There’s a rain coming, and at first, nobody noticed. She had been fidgeting with what she would listen to for the last 15 minutes. After every first chorus of each song, she’d press next and change the song. The rain outside were barely audible, and the crowd inside the tram were speaking sotto voce. Generally, trams made a humming sound, but she had been using them so much in the last three years that the noise had been eliminated completely. Their last stop was Bellevue, about 20 minutes away from where they were.

She brought her umbrella along, hanging down from her right lower arm as she bent her elbow. Her right hand was holding an iPod, the one she had been pressing and scrolling since she got on the train on Albisriederplatz. Her left hand rested on the railings inside the tram. It was quite a full tram that day, so there were no seats available. Everybody seemed to have somewhere to go that day. A guy in a suit, two girls in khaki raincoats, a man carrying a cardboard box which looked heavy, an old man holding a hat and a crane, four schoolboys whispering lewd things to each other, three individuals coming home after a morning shift.

There’s a coffee shop in front of the station in which she boarded the tram from, Albisriederplatz. The one where she usually went to to get cups of coffee and to sit in silence. There’s a seat by the window, where she could see Trams coming and leaving. The coffee was fine, and the croissant was fresh. On her off-days, she would sit there for hours to write postcards and to do crossword puzzles.

She locked her bicycle in front of that coffee shop that day before she boarded the tram. When she offered him to have one last high tea that day, She was thinking to have the rendezvous at that coffee shop where they usually went. He joined her every time she was there, to distract her from finishing the crossword puzzles and writing postcards.

That day, just by the time she was about to lock her apartment door behind her, she texted him to change the meeting point.

Her fingers were tapping the railing of the tram anxiously for she was half an hour late. She lingered around at the balcony of her house longer than she should. The balcony oversaw a giant parking structure, with more than 200 car lots. There was a small military pickup parking in reverse, and judging from the path of which the truck was moving, it was going to double-park. She lit her last cigarette. It was like watching an impending disaster. They must be new here, she thought to herself about the pickup. For other residents, double-parking would mean that the car is going to be thrashed or, at the very least, urinated on. She put out her cigarette after two drags and started to get ready.

To ride her bicycle all the way to Bellevue was easy, but she went to the usual coffee shop first anyway, where they were usually meet, and decided to take the tram from there. She lingered outside the coffee shop, looking through the wide glass window at her usual spot. There’s a couple there, talking while holding their cups of hot beverages. They looked happy. She crossed the road and bought the ticket.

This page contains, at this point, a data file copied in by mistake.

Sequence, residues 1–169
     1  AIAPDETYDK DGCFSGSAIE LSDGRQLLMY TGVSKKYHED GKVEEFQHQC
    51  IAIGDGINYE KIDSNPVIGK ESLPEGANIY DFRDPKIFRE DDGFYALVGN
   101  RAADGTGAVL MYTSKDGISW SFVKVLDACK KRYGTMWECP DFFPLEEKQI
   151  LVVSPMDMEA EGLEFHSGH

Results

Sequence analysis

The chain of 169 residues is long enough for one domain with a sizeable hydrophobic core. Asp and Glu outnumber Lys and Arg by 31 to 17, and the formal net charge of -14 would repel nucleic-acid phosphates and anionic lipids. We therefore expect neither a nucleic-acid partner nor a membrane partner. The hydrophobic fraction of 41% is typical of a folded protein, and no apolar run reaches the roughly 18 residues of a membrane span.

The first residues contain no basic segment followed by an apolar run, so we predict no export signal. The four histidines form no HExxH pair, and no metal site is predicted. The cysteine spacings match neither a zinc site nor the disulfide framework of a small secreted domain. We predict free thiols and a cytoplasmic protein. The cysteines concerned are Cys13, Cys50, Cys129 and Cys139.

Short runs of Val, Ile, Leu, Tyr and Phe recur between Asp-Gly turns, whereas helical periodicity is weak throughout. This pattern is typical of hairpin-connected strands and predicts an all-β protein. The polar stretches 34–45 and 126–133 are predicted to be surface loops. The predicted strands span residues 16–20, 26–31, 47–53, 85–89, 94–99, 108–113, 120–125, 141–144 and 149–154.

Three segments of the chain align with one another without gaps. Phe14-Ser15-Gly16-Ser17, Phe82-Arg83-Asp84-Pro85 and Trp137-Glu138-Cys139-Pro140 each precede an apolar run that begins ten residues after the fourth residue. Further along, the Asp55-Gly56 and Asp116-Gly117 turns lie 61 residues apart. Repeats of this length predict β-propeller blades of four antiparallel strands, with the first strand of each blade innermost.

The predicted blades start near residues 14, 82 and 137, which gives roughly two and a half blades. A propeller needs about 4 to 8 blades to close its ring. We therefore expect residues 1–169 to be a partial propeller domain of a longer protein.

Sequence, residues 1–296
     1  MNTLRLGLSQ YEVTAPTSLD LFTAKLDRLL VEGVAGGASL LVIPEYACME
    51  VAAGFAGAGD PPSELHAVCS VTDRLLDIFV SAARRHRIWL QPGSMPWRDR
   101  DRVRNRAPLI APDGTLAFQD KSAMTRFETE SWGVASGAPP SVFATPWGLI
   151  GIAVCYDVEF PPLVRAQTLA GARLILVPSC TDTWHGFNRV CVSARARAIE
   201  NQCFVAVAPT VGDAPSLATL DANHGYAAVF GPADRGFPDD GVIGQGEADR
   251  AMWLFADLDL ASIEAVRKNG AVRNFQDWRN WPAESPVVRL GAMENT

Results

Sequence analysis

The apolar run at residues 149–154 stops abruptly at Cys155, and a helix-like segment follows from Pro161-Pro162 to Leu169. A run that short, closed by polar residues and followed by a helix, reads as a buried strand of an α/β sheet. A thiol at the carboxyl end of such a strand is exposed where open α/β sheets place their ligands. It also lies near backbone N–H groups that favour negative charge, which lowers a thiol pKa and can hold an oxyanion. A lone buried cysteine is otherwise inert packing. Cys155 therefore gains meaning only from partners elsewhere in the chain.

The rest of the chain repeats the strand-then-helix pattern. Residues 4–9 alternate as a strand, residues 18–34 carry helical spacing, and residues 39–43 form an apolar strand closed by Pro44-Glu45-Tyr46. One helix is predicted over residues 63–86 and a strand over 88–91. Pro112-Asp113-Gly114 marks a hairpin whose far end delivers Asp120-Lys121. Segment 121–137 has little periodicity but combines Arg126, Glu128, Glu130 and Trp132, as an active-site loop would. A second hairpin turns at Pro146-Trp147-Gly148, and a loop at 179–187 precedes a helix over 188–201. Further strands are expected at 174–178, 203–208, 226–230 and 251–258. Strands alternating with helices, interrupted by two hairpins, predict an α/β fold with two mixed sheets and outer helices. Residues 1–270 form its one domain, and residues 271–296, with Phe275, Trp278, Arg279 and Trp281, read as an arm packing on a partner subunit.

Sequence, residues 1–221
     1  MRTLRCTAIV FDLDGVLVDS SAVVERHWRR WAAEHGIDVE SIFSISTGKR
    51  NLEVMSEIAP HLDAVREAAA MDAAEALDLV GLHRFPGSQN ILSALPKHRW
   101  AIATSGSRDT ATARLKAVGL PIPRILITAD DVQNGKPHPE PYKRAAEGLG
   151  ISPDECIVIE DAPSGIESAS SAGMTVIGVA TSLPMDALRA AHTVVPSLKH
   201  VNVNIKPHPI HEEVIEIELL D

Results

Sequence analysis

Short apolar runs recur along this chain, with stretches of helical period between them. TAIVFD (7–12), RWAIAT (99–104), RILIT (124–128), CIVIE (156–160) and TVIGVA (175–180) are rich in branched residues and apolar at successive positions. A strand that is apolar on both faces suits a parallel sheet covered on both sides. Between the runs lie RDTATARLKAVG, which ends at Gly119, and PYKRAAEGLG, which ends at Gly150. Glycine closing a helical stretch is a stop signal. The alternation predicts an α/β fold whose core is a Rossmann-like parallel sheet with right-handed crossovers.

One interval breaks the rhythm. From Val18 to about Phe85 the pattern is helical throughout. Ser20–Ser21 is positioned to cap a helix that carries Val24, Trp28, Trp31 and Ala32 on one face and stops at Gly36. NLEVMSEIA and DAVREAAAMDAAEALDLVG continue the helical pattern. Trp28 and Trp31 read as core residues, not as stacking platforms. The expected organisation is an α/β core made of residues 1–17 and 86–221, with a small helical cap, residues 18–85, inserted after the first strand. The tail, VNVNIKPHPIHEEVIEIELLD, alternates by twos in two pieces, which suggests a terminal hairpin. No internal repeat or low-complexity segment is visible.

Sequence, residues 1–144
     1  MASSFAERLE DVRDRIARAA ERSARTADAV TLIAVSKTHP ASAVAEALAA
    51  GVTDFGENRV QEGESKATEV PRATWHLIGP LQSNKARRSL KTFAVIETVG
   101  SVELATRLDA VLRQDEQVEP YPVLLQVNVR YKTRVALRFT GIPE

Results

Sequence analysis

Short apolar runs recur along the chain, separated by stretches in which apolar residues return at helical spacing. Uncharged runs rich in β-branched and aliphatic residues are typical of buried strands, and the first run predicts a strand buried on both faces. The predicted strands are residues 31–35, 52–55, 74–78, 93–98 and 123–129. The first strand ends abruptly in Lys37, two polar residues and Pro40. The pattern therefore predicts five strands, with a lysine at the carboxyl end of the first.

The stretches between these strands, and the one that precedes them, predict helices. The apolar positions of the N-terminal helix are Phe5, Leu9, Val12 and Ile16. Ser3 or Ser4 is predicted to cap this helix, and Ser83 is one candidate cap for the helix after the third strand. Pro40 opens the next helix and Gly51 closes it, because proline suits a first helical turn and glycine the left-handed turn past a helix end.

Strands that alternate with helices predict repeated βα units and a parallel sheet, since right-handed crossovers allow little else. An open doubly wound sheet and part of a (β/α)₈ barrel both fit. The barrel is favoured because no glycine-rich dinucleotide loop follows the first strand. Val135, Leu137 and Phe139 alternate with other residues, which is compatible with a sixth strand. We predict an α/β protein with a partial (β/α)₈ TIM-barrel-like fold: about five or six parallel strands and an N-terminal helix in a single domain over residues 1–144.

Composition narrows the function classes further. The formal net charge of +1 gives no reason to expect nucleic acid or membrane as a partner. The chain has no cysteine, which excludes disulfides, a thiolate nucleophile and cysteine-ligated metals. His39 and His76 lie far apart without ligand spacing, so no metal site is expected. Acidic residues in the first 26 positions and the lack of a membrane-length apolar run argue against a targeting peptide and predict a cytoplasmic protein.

When she got off the tram, everyone was in hurry. Peals of thunder were hanging above Zurich. Nobody wanted to get soaked, except for a few indifferent souls.

She came in the restaurant, and the maitre d’ seated her next to him. She gazed to the right, at him, and smiled. “You didn’t bike here, right?” asked she. “No, I walked,” he answered and smiled. It seemed like at first, when they were looking at the menu, that nobody wanted to talk about anything but the food.

“I hate it that they still have foie gras,” she muttered. “What do you mean?” he asked, “I don’t see the problem with it,” he paused for awhile, “I mean it’s not that we don’t have enough ducks. Unlike those shark fin.” “You know it’s not about that,” she said, “They fed the ducks in– I don’t know how to say it. To say that it’s inhumane sounds a bit dumb, don’t it?”

“Because they’re ducks,” he smiled. “Yeah, because they’re ducks,” she replied.

The longseat they were sitting on was covered with green Moroccan leather. The bistro was filled with longcoats, jumpsuits, blazers, horn-rimmed glasses, and intricate watches. The clouds hanging above the city were dark and heavy, but the city bustled as usual. After a short discussion on what to order, They finally decided on two espresso shots for each of them and five desserts. “Thanks, I wasn’t really hungry,” she said smilingly. “That’s a lie. I know it,” he teased, and her smile faded instantly. “Sometimes I hate that I forgot that somebody may actually know me better than I ever will,” she droned on. “You know that feeling, right? I mean it’s a very complex thing, your memory. But I can’t remember everything, yet it changes me bit by bit–” “Hey,” he interrupted, “I just met you after months, and this might be our last meeting before you left. You can’t do this now, OK?”

“OK,” She replied.

“OK,” said he.